Besides its pro-user tone, GDPR is infamous because of its astronomical fines. They can reach up to 4% of the company's turnover or 20 million Euro. While some lawsuits have already been filed citing GDPR requirements, there is still no precedent for companies fined for non-compliance with the GDPR.
Unsurprisingly, the Internet giants, such as Google and Facebook, were the first to come under fire. Max Schrems, a privacy rights activist from Austria, filed several lawsuits against Facebook, Google, Instagram, and WhatsApp. The combined fines can reach $8.8 billion. The activist claims the companies coerce users into sharing personal information with an opt-in box that doesn't offer the particularized consent required under the GDPR. Both Google and Facebook refuted the accusations and defended their products, claiming a privacy-by-design approach and multiple changes made to meet the new regulation's requirements.
Meanwhile, Ticketmaster may become the first victim of the GDPR fines. The company did not report a continuous breach that leaked the personal data of over 40,000 international users from September 2017 to June 2018. Ticketmaster should have protected personal data better and reported the breach within 72 hours of discovering it. Now businesses worldwide are waiting for the ruling as it will set a precedent for GDPR adoption and implementation.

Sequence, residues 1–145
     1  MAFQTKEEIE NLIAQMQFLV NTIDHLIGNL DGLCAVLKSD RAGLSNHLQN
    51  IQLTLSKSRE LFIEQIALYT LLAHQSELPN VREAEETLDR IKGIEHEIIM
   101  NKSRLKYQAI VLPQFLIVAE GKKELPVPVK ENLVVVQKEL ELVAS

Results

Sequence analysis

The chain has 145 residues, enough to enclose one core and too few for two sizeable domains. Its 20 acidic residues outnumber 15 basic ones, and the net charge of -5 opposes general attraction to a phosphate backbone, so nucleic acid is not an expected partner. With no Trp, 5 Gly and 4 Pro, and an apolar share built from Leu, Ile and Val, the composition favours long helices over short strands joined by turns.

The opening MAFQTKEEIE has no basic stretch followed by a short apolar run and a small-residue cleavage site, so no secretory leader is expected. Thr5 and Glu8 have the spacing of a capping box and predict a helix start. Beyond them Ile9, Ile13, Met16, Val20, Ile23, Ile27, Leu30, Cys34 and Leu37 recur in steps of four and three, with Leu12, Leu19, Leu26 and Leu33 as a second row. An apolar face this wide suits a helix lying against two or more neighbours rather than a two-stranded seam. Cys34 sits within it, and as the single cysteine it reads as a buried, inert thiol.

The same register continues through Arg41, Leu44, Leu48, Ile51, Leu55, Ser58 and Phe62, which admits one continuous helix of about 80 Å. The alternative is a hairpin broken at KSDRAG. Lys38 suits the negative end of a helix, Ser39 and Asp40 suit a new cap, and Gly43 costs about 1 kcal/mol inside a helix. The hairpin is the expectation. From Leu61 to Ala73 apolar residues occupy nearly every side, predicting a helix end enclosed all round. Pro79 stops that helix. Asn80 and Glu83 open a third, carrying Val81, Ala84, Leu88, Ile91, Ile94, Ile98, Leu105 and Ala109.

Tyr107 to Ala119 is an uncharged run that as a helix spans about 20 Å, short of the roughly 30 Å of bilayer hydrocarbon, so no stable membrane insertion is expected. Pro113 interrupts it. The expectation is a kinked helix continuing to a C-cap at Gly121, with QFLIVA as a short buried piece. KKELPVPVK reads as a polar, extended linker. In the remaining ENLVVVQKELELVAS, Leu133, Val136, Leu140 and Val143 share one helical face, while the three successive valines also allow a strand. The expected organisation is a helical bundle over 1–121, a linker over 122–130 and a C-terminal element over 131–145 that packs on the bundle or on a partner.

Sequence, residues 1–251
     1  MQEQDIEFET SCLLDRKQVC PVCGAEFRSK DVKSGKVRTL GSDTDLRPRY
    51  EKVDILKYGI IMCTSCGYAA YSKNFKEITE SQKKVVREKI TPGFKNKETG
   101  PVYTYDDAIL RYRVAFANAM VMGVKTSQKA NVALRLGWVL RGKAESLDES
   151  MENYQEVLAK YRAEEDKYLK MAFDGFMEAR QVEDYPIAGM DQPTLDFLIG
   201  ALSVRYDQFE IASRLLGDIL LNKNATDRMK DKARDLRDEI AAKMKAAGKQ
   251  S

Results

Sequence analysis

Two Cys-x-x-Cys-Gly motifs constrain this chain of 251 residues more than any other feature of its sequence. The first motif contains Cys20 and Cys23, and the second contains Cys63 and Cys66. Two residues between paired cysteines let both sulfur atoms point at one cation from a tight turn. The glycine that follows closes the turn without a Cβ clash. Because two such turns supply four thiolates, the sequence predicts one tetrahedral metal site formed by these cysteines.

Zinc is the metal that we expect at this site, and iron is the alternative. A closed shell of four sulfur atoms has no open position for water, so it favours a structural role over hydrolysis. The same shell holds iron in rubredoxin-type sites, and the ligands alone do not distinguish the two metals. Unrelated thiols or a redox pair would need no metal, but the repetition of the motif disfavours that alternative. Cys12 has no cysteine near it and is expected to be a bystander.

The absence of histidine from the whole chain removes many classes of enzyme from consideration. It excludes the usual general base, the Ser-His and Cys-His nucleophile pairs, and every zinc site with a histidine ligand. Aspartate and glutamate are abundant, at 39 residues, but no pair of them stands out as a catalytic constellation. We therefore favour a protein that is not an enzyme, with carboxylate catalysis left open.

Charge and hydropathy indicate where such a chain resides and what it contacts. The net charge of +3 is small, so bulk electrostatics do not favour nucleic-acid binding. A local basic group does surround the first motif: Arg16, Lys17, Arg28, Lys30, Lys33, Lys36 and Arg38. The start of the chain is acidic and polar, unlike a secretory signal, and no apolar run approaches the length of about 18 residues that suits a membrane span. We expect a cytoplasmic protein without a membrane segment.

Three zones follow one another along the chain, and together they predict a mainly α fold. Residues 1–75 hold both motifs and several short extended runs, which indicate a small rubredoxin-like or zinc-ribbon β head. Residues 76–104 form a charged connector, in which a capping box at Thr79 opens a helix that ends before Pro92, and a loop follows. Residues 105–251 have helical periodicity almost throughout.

The world didn't end on May 25, 2018, but many businesses failed to use the time before the GDPR came into effect to become fully compliant. Despite unexpected adverse effects, most companies embrace the new requirements to gain the customer's trust and loyalty. How is your business handling the post-GDPR landscape?
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